ADHD And Trauma

As I mentioned here a few months ago, I was diagnosed with ADHD in August of 2022.

In that post, I also made mention of how many of the symptoms associated with ADHD and Trauma overlap. Since then, I have produced a diagram to illustrate what I mean:

In the thirteen months since my diagnosis, I have done quite a bit of research on the subject of women, ADHD and how it manifests for us. Repeatedly, I have encountered people who hold the view that ADHD is a trauma response – that it is caused by trauma. I disagree. I am willing to accept that the symptoms of ADHD and trauma can exacerbate each other, but I don’t think that trauma causes ADHD. On the other hand I have read that having undiagnosed ADHD can be traumatic for some people: That constantly being treated as ‘naughty’, ‘careless’, ‘slow’, etc. can be traumatic for people who are emotionally sensitive, and feel blamed for things that are not their fault.

The medication I am taking for my ADHD has changed my life. I am no longer afraid of my own work – which may sound utterly daft, but every other woman I know who has ADHD also has this fear. We love what we do, we know we will enjoy doing it, we know that we are good at what we do – but we still find it difficult to get started because of a sense of fear, or anxiety around it. This is different to task initiation difficulty (which, of course, we have as well!), and it disappears with the medication. I know when my meds kick in because I get a small, but discernible, dopamine lift. Suddenly, I feel slightly more joyful and energised. Eagerly, I get stuck in to my work, and am able to focus so much better than previously. Since I started on the correct drug for me, I no longer multi-task, which is a blessing. It means I can concentrate on just one thing, and I don’t berate myself for doing one thing at a time, instead of being ‘efficient’ and doing (attempting!) to do several things at once.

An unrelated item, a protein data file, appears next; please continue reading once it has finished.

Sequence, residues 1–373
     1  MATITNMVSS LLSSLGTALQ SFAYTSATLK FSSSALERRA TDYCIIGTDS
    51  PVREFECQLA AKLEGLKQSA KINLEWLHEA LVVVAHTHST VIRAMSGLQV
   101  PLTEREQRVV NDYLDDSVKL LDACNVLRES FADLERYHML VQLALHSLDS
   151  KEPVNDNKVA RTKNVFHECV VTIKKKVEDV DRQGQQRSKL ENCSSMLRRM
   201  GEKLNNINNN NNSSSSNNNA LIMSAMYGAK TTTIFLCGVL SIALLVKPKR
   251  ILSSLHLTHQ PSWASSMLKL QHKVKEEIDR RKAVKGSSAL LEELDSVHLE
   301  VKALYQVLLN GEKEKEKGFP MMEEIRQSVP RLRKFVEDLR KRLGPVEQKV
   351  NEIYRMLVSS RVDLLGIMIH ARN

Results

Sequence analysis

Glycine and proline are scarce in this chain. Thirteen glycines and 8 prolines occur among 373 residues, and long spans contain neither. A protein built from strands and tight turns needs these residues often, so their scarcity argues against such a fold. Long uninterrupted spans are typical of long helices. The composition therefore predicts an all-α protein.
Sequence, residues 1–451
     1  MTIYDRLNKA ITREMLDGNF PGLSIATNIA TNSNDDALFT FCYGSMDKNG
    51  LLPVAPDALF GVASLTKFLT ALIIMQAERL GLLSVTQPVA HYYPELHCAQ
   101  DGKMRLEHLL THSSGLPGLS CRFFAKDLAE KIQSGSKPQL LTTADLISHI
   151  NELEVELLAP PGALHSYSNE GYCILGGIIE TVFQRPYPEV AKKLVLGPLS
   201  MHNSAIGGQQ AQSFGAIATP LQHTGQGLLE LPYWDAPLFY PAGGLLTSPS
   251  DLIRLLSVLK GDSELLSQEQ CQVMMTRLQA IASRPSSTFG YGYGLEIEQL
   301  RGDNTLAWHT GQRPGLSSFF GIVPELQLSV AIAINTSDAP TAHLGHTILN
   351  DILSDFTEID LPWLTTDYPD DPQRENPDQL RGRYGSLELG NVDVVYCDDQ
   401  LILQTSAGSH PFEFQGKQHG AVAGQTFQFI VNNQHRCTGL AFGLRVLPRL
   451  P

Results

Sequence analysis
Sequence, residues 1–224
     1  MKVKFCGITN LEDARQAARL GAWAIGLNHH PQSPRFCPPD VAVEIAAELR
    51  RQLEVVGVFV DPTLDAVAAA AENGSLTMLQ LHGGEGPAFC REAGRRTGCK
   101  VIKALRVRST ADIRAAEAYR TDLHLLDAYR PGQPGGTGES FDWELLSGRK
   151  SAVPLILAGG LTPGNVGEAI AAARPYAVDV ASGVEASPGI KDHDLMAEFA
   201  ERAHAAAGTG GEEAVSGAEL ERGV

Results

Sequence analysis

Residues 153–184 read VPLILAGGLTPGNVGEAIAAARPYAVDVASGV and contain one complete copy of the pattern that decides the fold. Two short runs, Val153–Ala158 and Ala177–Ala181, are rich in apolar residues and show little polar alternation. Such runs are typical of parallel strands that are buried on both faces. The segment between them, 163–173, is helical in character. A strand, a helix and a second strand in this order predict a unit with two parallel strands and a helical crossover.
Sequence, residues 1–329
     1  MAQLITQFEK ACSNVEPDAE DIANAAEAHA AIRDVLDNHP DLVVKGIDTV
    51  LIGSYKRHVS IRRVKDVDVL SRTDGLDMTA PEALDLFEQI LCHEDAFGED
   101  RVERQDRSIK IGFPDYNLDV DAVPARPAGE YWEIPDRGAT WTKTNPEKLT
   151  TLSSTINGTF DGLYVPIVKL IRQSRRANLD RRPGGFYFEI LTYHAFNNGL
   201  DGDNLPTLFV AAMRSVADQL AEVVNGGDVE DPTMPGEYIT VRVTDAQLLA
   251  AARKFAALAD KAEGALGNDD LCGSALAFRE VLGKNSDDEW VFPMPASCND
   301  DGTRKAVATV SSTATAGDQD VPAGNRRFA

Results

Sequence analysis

Taking the drug makes me feel more confident, competent, and capable. One of the loveliest effects of the drug is that I like myself more. Not hating yourself is definitely something I endorse! It is important to note, however, that it is not just the medication that is responsible for my newfound happiness. I have continued to work on my healing; I have been busy working on some fulfilling projects; I have found my academic home at the University of Southern Queensland, with wonderful colleagues who value brilliant scholarship, instead of the ‘just do enough to get the piece of paper’ attitude that I encountered in Ireland. In addition, I am blessed with excellent health, an army of wonderful friends across the globe, and my children are living their best lives.

I accept that I will never be ‘cured’ of my ADHD, and I will never completely recover from the trauma I went through; but I can, I have, and I will continue to transmute the hurt into healing.